Legendary 1854-O Twenty Dollar, AU55
1854-O $20 AU55 PCGS Secure. The Fort Worth, Texas, branch
of the National Archives is home to numerous records from the New
Orleans Mint and Assay Office. Among the notable records are two
original gold deposit books that provide the details of individual
gold deposits. The first book is the Register of Gold Bullion
Received from Depositors, and of Coins Paid at the Treasury of the
Mint. That book lists every deposit of gold from April 1, 1851,
to June 9, 1853, nearly all from California. The second book is the
Register of Gold Bullion, Coins & Jewelry Received,
covering January 1, 1852, to January 28, 1861.
Condition Census Example
While the second book is less detailed, it provides extremely important data. For example, in January 1861, the Bank of Louisiana made six different deposits totaling 29,000 sovereigns. However, the earlier years are more interesting in terms of the 1854-O double eagle. While a more detailed study is planned, the number of deposits each quarter from 1852 to 1854 is most telling.
First quarter: 1852: 608 deposits; 1853: 420 deposits; 1854: 237 deposits
Second quarter: 1852: 491 deposits; 1853: 190 deposits; 1854: 164 deposits
Third quarter: 1852: 206 deposits; 1853: 87 deposits; 1854: 55 deposits
Fourth quarter: 1852: 395 deposits; 1853: 217 deposits; 1854: 68 deposits
In every quarter, the number of deposits decreased each year from 1852 to 1854. That downward trend continued for the rest of the decade. While the number of deposits in any quarter was subject to a number of factors, there is no doubt that the opening of the San Francisco Mint in California was one of those factors. Lower third quarter deposits, from July to September, were probably also due in part to yellow fever and other disease in the humid metropolis.
Mint records indicate a total production of just 3,250 double eagles at New Orleans during the year 1854, and only about 1% of that total survives today, an estimated 25 to 35 coins, according to Doug Winter. Current NGC and PCGS population data, including resubmissions, totals 32 pieces in all grades at both services, including six coins certified as AU55 and four coins as AU58 (3/14). There are no Mint State pieces certified, so the present AU55 specimen ranks close to the top of the Condition Census. The certified population probably represents only about 25 different coins, or perhaps even fewer. While we don't have a roster of the finest coins, we feel that there are likely only six or seven different examples that grade AU55 or AU58.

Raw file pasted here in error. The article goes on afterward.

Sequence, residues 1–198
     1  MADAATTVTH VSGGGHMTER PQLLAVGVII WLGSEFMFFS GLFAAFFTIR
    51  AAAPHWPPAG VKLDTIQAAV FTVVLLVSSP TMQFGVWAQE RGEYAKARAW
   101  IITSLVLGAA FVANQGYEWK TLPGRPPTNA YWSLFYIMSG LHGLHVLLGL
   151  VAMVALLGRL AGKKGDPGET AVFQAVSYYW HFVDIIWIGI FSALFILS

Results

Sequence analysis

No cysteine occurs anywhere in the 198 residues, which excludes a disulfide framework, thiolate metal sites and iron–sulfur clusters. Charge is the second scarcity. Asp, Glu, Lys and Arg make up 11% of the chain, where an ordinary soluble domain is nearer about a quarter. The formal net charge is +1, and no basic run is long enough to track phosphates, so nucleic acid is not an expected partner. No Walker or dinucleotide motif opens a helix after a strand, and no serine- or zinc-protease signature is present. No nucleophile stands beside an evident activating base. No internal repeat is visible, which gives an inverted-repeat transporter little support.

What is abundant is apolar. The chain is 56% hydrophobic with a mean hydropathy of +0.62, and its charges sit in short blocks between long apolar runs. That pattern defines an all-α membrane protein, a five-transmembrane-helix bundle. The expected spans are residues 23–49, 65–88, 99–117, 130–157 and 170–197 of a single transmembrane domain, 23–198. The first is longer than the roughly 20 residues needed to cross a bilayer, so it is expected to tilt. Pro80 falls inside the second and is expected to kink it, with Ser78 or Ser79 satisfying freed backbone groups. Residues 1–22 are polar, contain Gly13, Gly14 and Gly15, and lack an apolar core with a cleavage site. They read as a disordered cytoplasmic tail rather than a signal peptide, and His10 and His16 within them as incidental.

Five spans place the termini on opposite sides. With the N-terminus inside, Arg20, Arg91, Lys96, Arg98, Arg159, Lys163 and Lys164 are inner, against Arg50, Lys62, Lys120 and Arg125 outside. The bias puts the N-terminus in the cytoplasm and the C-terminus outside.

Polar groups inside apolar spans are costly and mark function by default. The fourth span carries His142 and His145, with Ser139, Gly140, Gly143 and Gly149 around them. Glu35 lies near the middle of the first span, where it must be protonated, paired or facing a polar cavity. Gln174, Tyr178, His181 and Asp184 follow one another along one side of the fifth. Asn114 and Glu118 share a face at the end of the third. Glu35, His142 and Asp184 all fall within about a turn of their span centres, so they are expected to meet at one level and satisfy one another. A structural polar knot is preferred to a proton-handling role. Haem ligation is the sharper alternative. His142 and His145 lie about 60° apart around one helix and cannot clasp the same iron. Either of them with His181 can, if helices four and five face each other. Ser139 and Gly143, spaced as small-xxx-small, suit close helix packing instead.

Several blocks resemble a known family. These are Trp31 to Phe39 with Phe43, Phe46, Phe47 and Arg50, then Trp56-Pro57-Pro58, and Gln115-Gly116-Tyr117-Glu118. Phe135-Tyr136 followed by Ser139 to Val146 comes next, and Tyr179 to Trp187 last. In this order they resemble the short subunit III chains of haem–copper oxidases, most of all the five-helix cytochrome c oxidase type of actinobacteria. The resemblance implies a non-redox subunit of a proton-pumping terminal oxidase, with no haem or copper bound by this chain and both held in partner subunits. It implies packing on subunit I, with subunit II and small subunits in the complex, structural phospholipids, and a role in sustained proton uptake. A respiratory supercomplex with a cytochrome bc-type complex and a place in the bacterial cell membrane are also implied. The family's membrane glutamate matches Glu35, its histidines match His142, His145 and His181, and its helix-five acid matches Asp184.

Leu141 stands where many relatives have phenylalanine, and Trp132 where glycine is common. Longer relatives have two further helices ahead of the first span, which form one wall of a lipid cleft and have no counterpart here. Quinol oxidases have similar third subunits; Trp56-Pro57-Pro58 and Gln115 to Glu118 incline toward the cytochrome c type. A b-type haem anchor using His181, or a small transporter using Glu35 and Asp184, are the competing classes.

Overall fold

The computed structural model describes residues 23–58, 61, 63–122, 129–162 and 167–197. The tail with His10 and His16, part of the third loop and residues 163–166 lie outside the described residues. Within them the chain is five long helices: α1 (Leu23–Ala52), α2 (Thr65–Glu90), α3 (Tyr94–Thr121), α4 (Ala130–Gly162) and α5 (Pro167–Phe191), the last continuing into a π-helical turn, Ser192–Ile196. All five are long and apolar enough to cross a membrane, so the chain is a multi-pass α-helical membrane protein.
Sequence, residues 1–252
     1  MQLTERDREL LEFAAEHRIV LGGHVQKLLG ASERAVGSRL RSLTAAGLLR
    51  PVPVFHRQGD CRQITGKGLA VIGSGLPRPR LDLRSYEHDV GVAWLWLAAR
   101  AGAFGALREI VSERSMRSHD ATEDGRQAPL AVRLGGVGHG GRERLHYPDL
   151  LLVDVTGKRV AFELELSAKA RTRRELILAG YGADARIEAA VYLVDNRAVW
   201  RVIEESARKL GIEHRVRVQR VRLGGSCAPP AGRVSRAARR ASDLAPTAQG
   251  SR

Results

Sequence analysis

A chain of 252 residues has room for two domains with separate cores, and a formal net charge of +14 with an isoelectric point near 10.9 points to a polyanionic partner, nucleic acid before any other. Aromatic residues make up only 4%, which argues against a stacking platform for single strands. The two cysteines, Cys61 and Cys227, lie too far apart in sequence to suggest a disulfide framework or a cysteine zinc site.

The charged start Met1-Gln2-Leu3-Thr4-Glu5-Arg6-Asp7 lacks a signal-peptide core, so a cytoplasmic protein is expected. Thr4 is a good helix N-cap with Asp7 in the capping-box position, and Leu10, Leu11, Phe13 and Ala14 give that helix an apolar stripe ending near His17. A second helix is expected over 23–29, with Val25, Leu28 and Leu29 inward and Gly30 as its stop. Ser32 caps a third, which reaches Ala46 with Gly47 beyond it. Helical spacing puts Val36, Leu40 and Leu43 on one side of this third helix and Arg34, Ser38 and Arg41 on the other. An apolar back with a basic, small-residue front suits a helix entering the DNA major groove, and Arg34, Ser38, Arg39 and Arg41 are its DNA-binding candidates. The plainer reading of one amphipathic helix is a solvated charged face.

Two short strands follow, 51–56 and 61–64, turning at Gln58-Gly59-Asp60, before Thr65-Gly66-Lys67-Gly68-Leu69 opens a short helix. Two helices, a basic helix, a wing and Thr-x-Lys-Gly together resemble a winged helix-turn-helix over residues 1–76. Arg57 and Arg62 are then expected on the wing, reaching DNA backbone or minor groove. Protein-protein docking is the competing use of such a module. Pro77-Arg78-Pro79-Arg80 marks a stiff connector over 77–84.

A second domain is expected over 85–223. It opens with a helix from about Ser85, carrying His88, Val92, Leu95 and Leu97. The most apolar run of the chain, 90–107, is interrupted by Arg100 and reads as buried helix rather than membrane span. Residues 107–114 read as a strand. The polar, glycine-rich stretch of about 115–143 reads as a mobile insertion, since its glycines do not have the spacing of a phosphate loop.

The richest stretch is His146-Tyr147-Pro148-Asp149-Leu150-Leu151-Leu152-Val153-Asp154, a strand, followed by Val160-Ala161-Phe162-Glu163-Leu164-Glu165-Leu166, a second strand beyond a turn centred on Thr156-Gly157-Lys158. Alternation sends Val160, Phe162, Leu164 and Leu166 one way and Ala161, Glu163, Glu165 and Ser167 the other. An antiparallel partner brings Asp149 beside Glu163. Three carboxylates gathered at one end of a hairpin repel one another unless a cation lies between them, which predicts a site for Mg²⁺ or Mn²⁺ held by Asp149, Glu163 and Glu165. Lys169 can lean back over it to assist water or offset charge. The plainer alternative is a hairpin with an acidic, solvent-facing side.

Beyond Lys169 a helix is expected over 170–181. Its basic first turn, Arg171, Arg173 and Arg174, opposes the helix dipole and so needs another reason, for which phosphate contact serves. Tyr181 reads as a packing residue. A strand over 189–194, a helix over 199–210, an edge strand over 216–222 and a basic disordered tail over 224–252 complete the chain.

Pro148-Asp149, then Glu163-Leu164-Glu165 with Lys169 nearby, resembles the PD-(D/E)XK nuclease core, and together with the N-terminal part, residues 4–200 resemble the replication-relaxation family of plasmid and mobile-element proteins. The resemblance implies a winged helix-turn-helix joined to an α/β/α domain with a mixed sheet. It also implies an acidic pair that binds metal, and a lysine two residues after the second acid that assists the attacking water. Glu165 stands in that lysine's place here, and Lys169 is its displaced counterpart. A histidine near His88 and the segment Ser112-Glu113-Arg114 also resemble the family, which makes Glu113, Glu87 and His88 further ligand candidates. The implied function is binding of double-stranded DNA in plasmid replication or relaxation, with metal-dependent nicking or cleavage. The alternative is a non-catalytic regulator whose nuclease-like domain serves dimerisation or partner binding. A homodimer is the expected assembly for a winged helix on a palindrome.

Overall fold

Of course a coin of such great rarity must be examined in order to establish its authenticity. Doug Winter, writing in the second edition of his Gold Coins of the New Orleans Mint, 1839-1909, has identified the following die characteristics for genuine specimens, including: small digits in the date which slant up to the right, die lines in the area of TY of LIBERTY on the coronet, and a tiny, raised die lump on Liberty's neck in front of the largest curl. Typically seen striking qualities of the 1854-O are consistent on this piece, as are the aforementioned die characteristics. Slight softness is seen on the hair curls closest to Liberty's face, and on the reverse some weakness can be found on the eagle's tail feathers and the banner. As usual, the denticles are sharply defined and the peripheral stars show significant definition on the centers.
This bright greenish yellow-gold example displays prooflike tendencies in the recesses and bits of reddish patina about the peripheries. Surface marks are scattered and generally unobtrusive. Winter implies that pleasing surfaces are rarely seen: "Most 1854-O double eagles are well circulated and, as a result, they show very heavily abraded surfaces." He continues to note that a prooflike or reflective appearance is the norm for higher grade pieces such as this specimen.
Collector interest (and prices realized) for these prized O-mint rarities has escalated in recent years, as evidenced by two AU55 examples sold by Heritage over the last three years, both in excess of $450,000. According to Winter, "there are not many 1854-O double eagles with good eye appeal and these tend to be in tightly-held collections." We expect the present specimen to soon be in strong collecting hands, where it will likely remain for a long time. A fine bidding opportunity for the serious O-mint or Southern gold collector. Population: 3 in 55, 0 finer (3/14).
Ex: The Cincinnati Collection (Heritage, 1/2005), lot 8829, where it realized $368,000; The Pittsburgh ANA Fall National, U.S. Coins Signature (Heritage, 10/2011), lot 5099, where it realized $431,250.
From The Charles G. Wright Family Collection.(Registry values: N10218) (NGC ID# 268T, PCGS# 8912)
Weight: 33.44 grams
Metal: 90% Gold, 10% Copper
Learn more at the Newman Numismatic Portal at Washington University in St. Louis.
View all of [The Charles G. Wright Family Collection ]
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